Let's say, for example, your YouTube channel is primarily focused around vlogging. But a couple months later you're suddenly interested in doing technology reviews. There's no reason why you cannot do both. And the same goes for any other changes that may come to mind in the future.

It’s your channel, your choice.

Continue to page 3 >

Becoming a YouTuber 101: Finding Your Fame

Becoming a YouTuber 101: Finding Your Fame

Launching a successful YouTube channel may be difficult, but it's not impossible. The process, provided you approach it wisely, is actually pretty straightforward. It's simply going to require some careful planning, an end goal that you would like to achieve, and a lot of patience.

Website Building 101: From Build to Launch


Let's talk email

Now that you have a better understanding of how SEO works and how it can benefit your website, let's shift focus to email. Wait a minute... Email? Is it 1996 again?

This may come as a surprise to you, but email is still heavily used. According to Forrester (2014), "72% of U.S. online adults send or receive personal emails via smartphones at least weekly."

Considering there are over 2.5 billion email users worldwide, 72% is a significant percentage and something that should not be ignored. And as someone who is creating a website, it's important that you take action. But how?

Put simply, you need to build an email list. Doing so will allow you to directly contact your most important website visitors with exclusive content. And let's face it, exclusivity sells. People naturally love the idea of receiving something exclusive, which is exactly what you need to offer.

Start an email list (I recommend MailChimp) and sell the idea of giving something away for free to anyone who signs up. This can be a nice incentive to not only grab attention, but it's also a great way of building trust with your audience.

As your list grows, consider new ways of keeping your subscribers engaged over time. Ask questions and reply with answers. Direct communication can go a long way in benefiting the overall image of your brand.

Nowadays, it's all about social media

There's no arguing that email marketing can be very effective, but if there's one thing that has taken the Internet by storm, it's social media. Our daily routines rotate around platforms like Facebook and Instagram. Social media is simply huge, and that's not going to change any time soon.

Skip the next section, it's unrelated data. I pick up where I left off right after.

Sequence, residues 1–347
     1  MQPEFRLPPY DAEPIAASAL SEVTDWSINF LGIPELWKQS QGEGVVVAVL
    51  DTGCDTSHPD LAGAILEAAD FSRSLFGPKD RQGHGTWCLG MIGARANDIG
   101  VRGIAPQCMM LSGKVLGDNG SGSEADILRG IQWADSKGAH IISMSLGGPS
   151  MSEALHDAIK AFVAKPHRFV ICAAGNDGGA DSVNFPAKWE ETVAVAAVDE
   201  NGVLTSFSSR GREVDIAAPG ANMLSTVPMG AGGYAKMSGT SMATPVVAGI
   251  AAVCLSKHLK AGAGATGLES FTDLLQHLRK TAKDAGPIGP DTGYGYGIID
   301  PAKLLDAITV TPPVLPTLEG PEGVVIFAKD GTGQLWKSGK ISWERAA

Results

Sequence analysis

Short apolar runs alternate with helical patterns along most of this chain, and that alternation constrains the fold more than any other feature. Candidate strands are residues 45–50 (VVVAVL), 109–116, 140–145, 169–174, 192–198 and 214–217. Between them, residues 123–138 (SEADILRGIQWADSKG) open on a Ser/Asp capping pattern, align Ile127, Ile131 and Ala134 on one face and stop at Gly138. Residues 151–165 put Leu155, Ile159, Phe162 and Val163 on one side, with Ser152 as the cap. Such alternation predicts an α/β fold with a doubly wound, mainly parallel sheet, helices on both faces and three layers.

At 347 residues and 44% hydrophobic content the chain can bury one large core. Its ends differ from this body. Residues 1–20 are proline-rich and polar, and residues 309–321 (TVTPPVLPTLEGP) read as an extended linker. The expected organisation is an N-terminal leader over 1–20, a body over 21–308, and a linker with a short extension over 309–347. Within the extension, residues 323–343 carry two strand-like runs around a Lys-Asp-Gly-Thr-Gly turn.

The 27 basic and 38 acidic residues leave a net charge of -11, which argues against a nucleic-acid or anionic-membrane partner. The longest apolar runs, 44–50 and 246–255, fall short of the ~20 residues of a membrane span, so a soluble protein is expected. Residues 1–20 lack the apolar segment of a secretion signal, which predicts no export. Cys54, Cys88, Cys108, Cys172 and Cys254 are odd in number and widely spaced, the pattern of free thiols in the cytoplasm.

The instant gratification of reaching out to a particular person or brand is powerful, especially if you are working in customer service. Ask a question on Twitter and you will likely receive an answer within minutes, often faster than you would via email.


If you have any kind of online presence, then you need to be active on social media. Determining which platforms to get started with entirely depends on your website and its focus. For the kind of work that I do, I prefer to primarily interact on Twitter, Facebook and Instagram. 

Of course, everyone has their own way of doing things, so choose whichever platforms that you feel would work best with your brand. And don't forget to cross promote your social media links with your email list. The more people that you can reach, the better.

Advertising your website

When it comes time to advertise your website, you'll be happy to know that you have plenty of options to choose from. The most obvious places to get started with are usually Google AdWords and Facebook Ads. Having used both, I can say from experience that each has its advantages.

Advertising via AdWords grants you what seems to be an endless amount of ways to customize your ad. From an in-depth keyword research tool to a real-time display of how your ad will appear in search results, AdWords is the service to use.

If you are new to advertising, that will not be a problem. AdWords makes the advertising process fairly seamless and easy to understand. And of course, there is plenty of support documentation to help you along the way.

Going the route of Facebook Ads isn't a bad idea, either. Like AdWords, Facebook Ads provides a variety of tools to aid you in customizing an ad to your liking. You can even target specific demographics in local areas, which can help significantly with particular businesses.

One of the perks of signing up with Bluehost that I did not mention earlier is the added benefit of receiving free advertising credits with your account. This can be an excellent way of getting your foot in the door.

And finally, it never hurts to advertise your website the old fashioned way. Sign up for VistaPrint and get 250 business cards ordered. Pricing is very affordable and the print quality is actually quite good. I've used VistaPrint a few times in the past and can definitely recommend them.

When your business cards arrive, do not hesitate to hand them out to friends and anyone else who could be interested. You can even consider stopping by at local businesses to introduce yourself and explain to others what you're doing. After all, you never know what kinds of opportunities could turn up.

And now it's your turn

Now that you have reached this point, you should feel comfortable enough to get started with creating your website. Remember, the process can be a lot of work, but I promise you that the end result is worth it.

Because I'm excited to see what you come up with, I encourage you to leave a comment below with a link to your website. Don't worry if it's not finished yet, as no website is ever truly complete. There will always be new ideas to implement and experiment with.

After all, this is your website we're talking about. Make it your own.


Course Challenge:

Create a WordPress website hosted via Bluehost and attract at least 100 visitors within a 30-day period. Once you complete this challenge, contact me with your results.

Helpful links: Bluehost | WordPress

Website Building 101: From Build to Launch

Website Building 101: From Build to Launch

If you have never created a website before today, then you've come to the right place. As someone who has built a variety of websites throughout the years, I can assure you that the process is actually quite easy and a lot of fun. You simply need to know what you are doing.